We can’t always choose our identities. We can’t stop other people from defining us, or from hating us because of how they have defined us. But we can at least try to counteract the toxicity of their hatred. We can and must celebrate our identity. And we can only do that if we can control the definitions of our identity. We must be the ones to control our own representation. We must be the ones to tell our own stories. We must not let our stories be told and our bodies be represented by the people who hate us.”

The play can be performed with as few as three actors (Im,2f; or 2m,1f)–though ideally 4 (1m, 1f, 2m or f)–or,with minimal doubling, with as many as 20-30.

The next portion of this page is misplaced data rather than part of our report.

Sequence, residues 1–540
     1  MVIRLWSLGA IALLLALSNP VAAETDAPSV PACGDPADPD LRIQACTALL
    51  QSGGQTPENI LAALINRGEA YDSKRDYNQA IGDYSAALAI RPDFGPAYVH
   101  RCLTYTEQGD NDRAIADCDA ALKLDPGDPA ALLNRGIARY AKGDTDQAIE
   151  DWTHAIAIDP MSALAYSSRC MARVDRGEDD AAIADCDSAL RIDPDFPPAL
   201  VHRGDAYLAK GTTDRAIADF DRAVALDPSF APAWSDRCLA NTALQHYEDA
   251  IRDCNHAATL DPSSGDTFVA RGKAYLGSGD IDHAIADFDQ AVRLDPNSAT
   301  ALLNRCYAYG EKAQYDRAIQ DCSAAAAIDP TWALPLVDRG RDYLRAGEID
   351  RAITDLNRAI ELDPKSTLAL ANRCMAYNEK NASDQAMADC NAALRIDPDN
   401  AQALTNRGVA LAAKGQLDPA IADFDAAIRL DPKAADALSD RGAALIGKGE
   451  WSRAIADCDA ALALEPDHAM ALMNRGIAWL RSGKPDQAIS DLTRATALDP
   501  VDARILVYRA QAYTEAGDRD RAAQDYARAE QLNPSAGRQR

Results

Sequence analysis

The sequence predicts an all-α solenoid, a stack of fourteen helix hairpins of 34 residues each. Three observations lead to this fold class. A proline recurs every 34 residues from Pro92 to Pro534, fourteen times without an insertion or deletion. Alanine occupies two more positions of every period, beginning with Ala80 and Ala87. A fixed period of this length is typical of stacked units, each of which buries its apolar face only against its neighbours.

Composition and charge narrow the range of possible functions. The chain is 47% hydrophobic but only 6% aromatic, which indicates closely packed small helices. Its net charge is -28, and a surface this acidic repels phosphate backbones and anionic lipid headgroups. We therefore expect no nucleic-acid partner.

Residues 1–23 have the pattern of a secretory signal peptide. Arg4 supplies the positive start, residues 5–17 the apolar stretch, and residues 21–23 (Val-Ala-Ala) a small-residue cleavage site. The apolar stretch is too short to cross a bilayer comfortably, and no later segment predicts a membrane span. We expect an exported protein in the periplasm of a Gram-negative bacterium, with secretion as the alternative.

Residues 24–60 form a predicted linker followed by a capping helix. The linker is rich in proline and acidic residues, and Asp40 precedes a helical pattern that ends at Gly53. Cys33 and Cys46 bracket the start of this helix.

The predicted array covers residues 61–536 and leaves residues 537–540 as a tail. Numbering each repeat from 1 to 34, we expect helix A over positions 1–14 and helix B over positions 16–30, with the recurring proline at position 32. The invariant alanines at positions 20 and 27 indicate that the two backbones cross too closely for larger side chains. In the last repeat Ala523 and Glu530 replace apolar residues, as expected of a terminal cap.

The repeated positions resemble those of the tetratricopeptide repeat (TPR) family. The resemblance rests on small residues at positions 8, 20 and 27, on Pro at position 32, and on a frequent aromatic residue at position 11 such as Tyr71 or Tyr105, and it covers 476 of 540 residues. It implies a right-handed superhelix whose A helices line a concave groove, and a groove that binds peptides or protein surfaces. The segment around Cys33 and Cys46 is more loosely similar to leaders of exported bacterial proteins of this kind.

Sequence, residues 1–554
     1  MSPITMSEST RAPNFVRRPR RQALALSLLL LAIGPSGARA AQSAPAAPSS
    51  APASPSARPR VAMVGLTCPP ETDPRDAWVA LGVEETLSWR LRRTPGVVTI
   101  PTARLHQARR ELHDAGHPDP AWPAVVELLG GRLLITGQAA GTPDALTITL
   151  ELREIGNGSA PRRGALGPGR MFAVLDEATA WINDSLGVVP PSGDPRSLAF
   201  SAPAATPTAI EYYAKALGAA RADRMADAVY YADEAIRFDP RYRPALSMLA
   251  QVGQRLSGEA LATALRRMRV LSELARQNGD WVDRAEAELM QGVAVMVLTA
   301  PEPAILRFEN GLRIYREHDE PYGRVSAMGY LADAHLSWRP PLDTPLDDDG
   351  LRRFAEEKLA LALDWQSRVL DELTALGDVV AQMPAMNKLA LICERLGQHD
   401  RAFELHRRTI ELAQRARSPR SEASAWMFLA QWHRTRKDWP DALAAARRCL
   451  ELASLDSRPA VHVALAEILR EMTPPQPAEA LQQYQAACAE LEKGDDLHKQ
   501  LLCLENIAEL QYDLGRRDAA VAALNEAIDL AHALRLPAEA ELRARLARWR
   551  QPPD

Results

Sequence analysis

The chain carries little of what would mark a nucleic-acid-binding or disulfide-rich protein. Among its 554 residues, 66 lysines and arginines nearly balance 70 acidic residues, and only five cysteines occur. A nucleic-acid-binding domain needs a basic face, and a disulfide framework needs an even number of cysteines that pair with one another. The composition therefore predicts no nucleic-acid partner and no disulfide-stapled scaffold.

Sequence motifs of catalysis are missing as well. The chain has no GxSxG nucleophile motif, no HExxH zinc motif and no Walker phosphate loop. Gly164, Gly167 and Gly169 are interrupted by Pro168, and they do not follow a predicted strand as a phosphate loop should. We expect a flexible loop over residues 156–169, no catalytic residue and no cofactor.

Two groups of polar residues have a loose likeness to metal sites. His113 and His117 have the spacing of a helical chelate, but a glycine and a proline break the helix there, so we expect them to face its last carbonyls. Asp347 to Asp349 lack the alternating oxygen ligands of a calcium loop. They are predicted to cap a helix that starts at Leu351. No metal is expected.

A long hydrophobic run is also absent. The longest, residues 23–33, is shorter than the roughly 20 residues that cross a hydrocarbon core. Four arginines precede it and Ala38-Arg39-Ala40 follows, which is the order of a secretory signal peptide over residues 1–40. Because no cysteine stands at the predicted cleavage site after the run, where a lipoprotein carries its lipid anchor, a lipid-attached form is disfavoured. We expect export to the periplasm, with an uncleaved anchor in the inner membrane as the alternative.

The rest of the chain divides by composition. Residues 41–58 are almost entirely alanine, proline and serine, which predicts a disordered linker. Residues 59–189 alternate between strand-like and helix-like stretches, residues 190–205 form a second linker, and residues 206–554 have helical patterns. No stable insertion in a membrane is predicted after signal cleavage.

Available for development or production.

About the play:

In a series of post-performance “talkbacks” after script-in-hand readings of his latest play, Dan is confronted by audience members, moderators, and even his own artistic collaborators, over issues of ethnicity, race, disability, and the question of who is entitled to tell whose story.  With each talkback, it becomes increasingly uncertain whether Dan really wants to tell the story he is so vehemently asserting his right to tell, or is actively trying to conceal it.

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or contact the playwright.

Direct all inquiries about performance rights to the playwright.